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astro300_f10:eighth_day_plan [2010/10/09 05:35] (current)
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 +====== AY 300 Fall 2010: Eighth Day Plan ======
 +===== Goals =====
 +  * Spend a significant amount of time recapping.
 +  * Query about the future format for the class
 +  * Discuss how and why for giving mid-semester evals
 +  * Work on mid-semester evals and lesson plans for the coming week
 +===== Recap (20 mins; 5:30 PM) =====
 +  * Break into small groups as usual for 10-15 mins. 
 +  * Try focusing on **one** thing during the large group
 +    * Go in depth, break it down:
 +       * What was done?
 +       * What was good? Bad?
 +       * What did the GSI do well, poorly?
 +       * What do we learn?
 +       * How can we improve for next time?
 +===== Mid-Semester Evals (15 min; 5:45 PM) =====
 +  * **Be sure to emphasize**
 +    * These questions should cover things you want feedback on. Be explicit about what you want to know whenever possible.
 +    * There should be room for some free response (e.g., if there'​s anything else not addressed here...)
 +    * You should make sure you take some time to go over the results in a later session.
 +      * If you have quantitative questions, this might include averages, or distributions.
 +    * You should make sure they are able to fill them out anonymously.
 +  * NOTE: The Ay 300 eval is a little bit on the long side; we did this purposely since Ay 300 is such an amorphous class and **should** be tailored to what its students are interested in.
 +  * Discuss the wisdom from past GSIs and Slater & Adams chapter 9:
 +     * Assigning a combination of "​Informal Written Response"​ and "​Check-box Questionaire"​.
 +     * In addition, we've done two types of "​Observation by a Critical Friend",​ both a peer visit and a videotape.
 +     * Use different colored highlighters for positive and negative comments that merit further review.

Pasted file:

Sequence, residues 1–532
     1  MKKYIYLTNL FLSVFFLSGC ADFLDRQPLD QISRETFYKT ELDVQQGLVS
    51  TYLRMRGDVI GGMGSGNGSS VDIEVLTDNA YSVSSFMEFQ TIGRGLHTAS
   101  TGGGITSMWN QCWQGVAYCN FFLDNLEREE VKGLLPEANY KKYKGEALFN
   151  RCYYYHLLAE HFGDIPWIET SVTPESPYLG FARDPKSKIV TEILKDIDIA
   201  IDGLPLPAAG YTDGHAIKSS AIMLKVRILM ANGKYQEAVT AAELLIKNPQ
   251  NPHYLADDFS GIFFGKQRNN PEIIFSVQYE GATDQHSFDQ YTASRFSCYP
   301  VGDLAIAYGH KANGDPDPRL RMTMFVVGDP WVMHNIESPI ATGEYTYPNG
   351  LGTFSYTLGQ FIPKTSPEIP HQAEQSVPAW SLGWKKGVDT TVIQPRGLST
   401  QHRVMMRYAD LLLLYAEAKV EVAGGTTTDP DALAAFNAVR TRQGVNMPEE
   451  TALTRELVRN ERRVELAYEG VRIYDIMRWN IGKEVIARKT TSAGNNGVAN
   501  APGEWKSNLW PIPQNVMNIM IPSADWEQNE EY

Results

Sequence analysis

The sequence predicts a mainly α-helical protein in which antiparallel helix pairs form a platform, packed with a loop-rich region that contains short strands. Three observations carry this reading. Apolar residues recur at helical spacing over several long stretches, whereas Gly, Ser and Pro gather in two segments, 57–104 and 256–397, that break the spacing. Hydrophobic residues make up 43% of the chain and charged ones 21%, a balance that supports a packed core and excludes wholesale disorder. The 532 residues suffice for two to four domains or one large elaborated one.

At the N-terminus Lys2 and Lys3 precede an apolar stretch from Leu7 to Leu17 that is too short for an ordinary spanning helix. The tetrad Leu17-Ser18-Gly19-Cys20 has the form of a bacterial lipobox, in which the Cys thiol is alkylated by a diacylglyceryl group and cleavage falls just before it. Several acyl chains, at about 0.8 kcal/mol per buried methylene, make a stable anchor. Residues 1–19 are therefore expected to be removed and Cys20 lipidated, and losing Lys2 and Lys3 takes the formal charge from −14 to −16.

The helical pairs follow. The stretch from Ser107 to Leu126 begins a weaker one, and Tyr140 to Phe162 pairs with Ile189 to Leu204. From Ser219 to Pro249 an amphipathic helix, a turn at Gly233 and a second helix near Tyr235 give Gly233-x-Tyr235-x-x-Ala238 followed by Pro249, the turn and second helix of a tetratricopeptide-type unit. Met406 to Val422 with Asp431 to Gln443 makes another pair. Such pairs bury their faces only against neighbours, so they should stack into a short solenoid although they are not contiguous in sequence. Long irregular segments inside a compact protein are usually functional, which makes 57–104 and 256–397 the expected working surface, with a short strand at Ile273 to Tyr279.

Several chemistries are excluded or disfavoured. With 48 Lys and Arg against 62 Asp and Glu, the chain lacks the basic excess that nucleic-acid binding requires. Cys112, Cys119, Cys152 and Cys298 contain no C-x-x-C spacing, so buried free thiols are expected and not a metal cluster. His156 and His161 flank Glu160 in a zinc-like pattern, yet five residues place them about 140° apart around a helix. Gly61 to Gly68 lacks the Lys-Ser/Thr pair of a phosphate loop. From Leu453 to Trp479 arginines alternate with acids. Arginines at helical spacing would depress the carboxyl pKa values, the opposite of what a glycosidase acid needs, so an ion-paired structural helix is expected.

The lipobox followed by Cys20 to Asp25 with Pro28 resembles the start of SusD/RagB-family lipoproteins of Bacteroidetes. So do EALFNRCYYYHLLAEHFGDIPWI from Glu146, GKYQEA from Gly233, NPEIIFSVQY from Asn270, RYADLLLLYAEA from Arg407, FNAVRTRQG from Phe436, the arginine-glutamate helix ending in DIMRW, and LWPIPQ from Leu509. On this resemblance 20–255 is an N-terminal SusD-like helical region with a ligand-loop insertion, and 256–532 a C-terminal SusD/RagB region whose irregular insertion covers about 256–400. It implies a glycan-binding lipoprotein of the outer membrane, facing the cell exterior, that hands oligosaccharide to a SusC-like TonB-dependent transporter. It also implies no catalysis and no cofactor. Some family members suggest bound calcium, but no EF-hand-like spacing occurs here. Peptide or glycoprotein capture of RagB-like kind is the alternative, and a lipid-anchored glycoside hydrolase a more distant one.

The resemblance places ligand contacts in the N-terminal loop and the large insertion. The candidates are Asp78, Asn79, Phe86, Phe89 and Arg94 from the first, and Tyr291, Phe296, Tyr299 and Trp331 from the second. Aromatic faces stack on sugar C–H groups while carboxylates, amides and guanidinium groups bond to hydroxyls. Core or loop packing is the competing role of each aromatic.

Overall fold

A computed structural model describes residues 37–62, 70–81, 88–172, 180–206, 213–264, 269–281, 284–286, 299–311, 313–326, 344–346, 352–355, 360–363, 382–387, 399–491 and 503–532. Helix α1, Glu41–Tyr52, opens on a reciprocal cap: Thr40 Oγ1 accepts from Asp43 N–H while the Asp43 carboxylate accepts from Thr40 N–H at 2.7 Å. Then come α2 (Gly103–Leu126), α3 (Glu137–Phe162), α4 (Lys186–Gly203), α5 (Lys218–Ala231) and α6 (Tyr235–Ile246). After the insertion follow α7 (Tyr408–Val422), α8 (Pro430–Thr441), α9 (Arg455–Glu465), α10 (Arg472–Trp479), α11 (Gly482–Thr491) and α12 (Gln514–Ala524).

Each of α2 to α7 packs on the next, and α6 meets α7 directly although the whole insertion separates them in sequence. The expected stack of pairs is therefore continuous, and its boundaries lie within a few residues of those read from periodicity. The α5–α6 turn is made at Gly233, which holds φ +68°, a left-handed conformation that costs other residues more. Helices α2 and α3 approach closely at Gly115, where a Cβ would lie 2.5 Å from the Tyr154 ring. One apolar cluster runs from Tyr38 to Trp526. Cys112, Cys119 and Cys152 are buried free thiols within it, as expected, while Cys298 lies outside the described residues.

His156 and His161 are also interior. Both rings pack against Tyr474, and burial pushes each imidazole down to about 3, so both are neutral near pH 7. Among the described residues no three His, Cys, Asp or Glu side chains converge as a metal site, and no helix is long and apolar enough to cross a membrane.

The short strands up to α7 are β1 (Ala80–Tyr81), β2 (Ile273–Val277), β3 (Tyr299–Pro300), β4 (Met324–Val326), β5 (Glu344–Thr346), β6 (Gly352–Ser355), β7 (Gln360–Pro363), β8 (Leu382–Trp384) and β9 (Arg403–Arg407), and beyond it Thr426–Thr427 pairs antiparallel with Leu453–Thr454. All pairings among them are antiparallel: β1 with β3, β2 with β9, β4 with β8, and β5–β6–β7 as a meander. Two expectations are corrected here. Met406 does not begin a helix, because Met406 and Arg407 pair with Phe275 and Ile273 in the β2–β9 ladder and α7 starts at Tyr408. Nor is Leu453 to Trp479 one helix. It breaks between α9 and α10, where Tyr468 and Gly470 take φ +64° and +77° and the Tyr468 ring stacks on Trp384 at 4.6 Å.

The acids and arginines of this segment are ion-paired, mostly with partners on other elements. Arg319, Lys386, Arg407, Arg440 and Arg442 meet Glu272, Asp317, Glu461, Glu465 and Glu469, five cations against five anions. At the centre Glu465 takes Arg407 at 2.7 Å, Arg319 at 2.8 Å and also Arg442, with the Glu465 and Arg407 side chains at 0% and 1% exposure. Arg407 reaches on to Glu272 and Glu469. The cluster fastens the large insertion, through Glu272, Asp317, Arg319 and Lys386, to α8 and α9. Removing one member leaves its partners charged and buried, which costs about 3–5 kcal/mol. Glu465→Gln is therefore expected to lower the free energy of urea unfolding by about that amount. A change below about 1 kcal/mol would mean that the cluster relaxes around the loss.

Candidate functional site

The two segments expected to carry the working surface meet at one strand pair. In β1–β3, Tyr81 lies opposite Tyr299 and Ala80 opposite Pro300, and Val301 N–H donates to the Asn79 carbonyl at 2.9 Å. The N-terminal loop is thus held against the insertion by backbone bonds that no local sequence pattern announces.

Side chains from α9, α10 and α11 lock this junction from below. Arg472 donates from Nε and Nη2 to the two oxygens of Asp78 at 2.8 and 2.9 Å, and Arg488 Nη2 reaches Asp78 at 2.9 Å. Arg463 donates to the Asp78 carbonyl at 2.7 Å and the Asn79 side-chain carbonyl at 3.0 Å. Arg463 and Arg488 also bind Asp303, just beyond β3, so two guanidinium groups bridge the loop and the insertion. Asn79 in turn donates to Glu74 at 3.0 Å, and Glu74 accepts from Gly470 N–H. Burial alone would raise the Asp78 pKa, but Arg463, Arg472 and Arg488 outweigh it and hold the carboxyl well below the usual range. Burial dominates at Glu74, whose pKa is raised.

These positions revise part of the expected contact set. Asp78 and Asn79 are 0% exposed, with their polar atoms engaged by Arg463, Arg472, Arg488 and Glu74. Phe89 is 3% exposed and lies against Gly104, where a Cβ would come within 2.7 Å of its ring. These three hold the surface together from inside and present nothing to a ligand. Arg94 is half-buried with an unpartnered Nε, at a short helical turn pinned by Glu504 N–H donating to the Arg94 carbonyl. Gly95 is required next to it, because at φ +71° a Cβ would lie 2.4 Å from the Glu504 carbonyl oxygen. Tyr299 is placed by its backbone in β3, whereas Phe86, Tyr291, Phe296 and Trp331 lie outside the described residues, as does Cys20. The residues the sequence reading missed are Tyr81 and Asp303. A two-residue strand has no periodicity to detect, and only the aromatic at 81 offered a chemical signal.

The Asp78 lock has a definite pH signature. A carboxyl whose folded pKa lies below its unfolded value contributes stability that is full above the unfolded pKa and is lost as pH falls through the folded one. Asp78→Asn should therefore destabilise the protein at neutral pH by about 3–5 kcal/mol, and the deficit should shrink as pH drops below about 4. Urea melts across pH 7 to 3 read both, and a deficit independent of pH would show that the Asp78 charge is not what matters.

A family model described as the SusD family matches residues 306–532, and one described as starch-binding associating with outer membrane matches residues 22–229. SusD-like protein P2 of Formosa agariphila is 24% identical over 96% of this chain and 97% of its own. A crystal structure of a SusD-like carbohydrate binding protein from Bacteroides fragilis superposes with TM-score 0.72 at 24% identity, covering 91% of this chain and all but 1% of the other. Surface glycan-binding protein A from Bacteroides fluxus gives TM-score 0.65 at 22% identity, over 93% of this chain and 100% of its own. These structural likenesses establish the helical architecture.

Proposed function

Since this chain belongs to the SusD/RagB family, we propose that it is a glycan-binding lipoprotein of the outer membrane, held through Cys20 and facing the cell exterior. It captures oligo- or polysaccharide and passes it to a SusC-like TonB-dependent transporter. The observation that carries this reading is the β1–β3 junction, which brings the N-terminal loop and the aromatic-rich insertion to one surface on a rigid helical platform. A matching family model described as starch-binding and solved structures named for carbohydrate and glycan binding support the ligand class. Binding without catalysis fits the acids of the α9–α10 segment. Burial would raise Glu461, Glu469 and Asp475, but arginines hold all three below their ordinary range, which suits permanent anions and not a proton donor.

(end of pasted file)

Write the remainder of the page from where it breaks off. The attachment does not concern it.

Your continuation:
+     * Four categories of "​course difficulties":​
 +       ​-simple fixes
 +       ​-fixes for next semester
 +       ​-offsetting concerns
 +       ​-issues without remedy
 +  * Why do we do mid-semester evals
 +      * There is a department wide, official end of semester eval, but by then it's too late to fix things for your current students.
 +      * The point of student feedback at mid-semester is to allow you to adjust your section and teaching style as necessary to match your current students'​ demands.
 +      * However, take the responses with a grain of salt; Ay 10 student don't always know what's best for them!
 +  * Mid-semester eval basics
 +      * They should be done about half-way through the semester (try to avoid right before or after an exam -- this usually skews your results!); halfway through the semester is one week from today.
 +      * They should be anonymous (however you might want to ask for their section number so you can compare your multiple sections).
 +      * Sometimes this is done during the last 10 mins of a section, but you get less accurate responses this way since many students will rush through it just to leave early.
 +      * Consider doing it in the middle of section (maybe right after your initial lecture review/​Q&​A session).
 +      * The GSI will usually step out of the room during this time or //at least// turn their back to the class.
 +      * Have a student collect all of the evals and put them in an envelope. **DO NOT** open the envelope until way later (//i.e.// after you've left Evans and there are no students around you at all).
 +  * **Always** be sure to give students way more than enough room to write. ​ You don't want them to limit responses simply because they feel they don't have enough room.  You might even consider printing the evals one-sided and make a note at the beginning of the eval saying that if the student needs more room to write that they should feel free to use the back of the page.
 +  * Here's a ranked list of general topics that might be found on an eval (the last three are of the least importance by far with the last one being almost not worth putting on the list):
 +     - Section structure (lecture review, Q&A, worksheets, demos, group work, //etc.//)